Emotional Responses to Tech Support Differs Across Age Groups

In a recent post, Temkin Group analyzed 10 emotions that consumers feel after completing a number of different interactions. We decided to dig deeper into one of those interactions, getting tech support for a computer. We analyzed the emotional responses across different ages of consumers after that interaction and found that:

  • All ages of consumers are most likely to feel relieved
  • The next most frequent emotions are happy and frustrated

As you can see in the chart below:

  • 18- to 24-year-olds: While relieved is the most common emotion (37%), this group is more likely to feel frustrated, confused and worried than any other age group.
  • 25- to 34-year-olds: After relieved and happy (34%), this group is most likely to feel more appreciated than any other age group.
  • 35- to 44-year-olds: After relieved (44%), this group is most likely to feel happy. It is also the age group that is most likely to feel excited.
  • 45- to 54-year-olds: After relieved (43%), this group is most likely to feel confident, a feeling that it has more than any other age group.
  • 55- to 64-year-olds: After relieved (43%), this group is most likely to feel frustrated and happy.
  • 65-years-old or older: After feeling more relieved than any other age group (47%), this group is most likely to feel happy.

Consumer emotions after customer experience with technical support

Why is this important? Our research shows that emotion is the largest driver of customer loyalty. So companies must not only start talking about emotion, but they also need to develop unique approaches for dealing with different emotions across their customer segments.

The bottom line: It’s time to make customer emotion a top priority.

Written by 

I'm an experience (XM) management catalyst; helping organizations improve results by engaging the hearts and minds of their employees, customers, and partners. I enjoy researching and speaking about leading-edge XM topics. I lead the Qualtrics XM Institute, which is the world's best job. We're igniting a global community of XM Professionals who are inspired and empowered to radically improve the human experience. To achieve this goal, my team focuses on thought leadership, training, and community building. My work is driven by a set of fundamental beliefs: 1) Everything starts and ends with human beings, so you need to understand how people think, feel, and behave; 2) XM is a discipline that needs to be woven throughout an organization's entire operating fabric; and 3) Building the XM discipline requires a combination of culture, competency, and technology.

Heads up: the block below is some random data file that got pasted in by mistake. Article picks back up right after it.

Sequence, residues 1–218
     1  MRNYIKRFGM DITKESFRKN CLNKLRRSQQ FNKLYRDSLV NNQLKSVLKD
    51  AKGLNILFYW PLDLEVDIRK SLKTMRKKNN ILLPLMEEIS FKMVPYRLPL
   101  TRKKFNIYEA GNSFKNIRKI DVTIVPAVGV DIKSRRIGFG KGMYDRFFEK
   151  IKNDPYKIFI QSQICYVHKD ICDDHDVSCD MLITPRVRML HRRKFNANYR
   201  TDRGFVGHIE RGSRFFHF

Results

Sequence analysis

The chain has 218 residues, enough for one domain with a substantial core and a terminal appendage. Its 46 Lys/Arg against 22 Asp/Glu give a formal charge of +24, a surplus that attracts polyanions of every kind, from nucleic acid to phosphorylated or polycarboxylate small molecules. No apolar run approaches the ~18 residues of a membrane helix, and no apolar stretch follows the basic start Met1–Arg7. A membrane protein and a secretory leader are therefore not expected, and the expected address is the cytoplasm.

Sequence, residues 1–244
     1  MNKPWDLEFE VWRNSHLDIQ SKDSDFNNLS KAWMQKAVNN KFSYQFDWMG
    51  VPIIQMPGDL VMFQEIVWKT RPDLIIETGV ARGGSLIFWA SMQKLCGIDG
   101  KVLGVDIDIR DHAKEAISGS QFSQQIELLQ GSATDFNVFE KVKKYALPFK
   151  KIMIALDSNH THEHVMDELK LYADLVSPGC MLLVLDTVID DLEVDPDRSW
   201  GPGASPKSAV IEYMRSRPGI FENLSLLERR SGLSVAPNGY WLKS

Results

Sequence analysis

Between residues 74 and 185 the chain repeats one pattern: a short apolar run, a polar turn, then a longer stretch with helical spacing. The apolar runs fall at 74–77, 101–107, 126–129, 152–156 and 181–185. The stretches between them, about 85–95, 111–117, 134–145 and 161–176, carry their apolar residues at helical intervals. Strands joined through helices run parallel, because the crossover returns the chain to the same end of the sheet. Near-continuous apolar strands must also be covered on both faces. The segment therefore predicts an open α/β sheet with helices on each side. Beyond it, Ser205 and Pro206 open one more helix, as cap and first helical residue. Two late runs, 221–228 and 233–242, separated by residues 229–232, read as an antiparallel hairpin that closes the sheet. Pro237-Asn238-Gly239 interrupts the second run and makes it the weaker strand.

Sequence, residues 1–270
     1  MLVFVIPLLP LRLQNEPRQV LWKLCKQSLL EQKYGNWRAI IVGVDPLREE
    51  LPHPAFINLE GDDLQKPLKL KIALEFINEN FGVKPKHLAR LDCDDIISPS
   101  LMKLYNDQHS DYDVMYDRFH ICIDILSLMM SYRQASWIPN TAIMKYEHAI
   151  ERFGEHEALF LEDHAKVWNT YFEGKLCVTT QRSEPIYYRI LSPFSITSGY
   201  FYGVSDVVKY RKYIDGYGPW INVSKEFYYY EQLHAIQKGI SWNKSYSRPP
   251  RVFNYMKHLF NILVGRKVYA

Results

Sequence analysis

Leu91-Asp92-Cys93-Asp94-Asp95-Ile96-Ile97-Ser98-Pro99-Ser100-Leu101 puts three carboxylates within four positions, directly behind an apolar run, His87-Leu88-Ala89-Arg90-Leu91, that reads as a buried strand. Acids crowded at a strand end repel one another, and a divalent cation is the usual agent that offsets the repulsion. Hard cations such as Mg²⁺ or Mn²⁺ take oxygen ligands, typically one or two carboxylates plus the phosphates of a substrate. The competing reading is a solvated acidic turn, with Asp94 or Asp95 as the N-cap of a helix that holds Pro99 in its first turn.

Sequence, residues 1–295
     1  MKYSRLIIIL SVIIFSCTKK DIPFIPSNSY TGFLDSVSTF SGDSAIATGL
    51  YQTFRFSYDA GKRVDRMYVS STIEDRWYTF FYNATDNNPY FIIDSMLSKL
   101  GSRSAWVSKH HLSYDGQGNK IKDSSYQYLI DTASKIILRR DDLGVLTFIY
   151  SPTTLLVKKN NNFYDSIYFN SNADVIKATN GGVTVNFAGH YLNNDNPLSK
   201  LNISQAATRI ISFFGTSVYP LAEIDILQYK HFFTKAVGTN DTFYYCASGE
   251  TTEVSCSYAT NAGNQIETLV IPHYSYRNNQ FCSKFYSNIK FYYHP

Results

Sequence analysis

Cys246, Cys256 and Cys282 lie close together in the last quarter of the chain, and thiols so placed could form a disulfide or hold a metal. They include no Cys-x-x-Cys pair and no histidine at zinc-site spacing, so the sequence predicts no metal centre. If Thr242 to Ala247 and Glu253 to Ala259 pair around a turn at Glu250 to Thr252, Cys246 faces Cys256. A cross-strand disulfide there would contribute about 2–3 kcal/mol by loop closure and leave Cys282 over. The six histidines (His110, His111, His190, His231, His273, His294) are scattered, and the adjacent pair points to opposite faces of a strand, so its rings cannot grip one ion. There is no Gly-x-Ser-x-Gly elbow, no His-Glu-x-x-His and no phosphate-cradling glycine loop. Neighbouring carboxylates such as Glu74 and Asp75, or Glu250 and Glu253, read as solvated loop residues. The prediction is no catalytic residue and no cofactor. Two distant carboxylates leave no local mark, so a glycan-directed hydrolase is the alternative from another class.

One thought on “Emotional Responses to Tech Support Differs Across Age Groups”

  1. Bruce, have you done a study of emotional responses to confusing and overly complex content? I’m a plain language expert, and I give presentations that include the point that we read with our emotions, and companies would do well to pay attention to that. I don’t work with marketing materials (designed to elicit emotions), but all the other (nerdier) content: code of ethics, terms and conditions, information about accounts, etc.

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